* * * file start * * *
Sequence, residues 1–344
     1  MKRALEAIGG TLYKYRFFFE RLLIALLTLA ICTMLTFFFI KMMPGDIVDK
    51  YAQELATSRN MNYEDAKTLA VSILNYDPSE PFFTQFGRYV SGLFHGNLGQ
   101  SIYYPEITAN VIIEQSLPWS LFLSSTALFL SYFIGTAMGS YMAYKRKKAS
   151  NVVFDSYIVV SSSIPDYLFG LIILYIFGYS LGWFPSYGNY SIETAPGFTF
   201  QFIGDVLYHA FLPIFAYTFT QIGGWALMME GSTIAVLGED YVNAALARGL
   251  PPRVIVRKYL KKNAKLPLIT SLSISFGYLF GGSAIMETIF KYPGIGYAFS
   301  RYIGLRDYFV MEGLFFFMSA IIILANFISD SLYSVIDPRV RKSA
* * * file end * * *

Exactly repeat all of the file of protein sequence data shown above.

Sequence, residues 1–344
     1  MKRALEAIGG TLYKYRFFFE RLLIALLTLA ICTMLTFFFI KMMPGDIVDK
    51  YAQELATSRN MNYEDAKTLA VSILNYDPSE PFFTQFGRYV SGLFHGNLGQ
   101  SIYYPEITAN VIIEQSLPWS LFLSSTALFL SYFIGTAMGS YMAYKRKKAS
   151  NVVFDSYIVV SSSIPDYLFG LIILYIFGYS LGWFPSYGNY SIETAPGFTF
   201  QFIGDVLYHA FLPIFAYTFT QIGGWALMME GSTIAVLGED YVNAALARGL
   251  PPRVIVRKYL KKNAKLPLIT SLSISFGYLF GGSAIMETIF KYPGIGYAFS
   301  RYIGLRDYFV MEGLFFFMSA IIILANFISD SLYSVIDPRV RKSA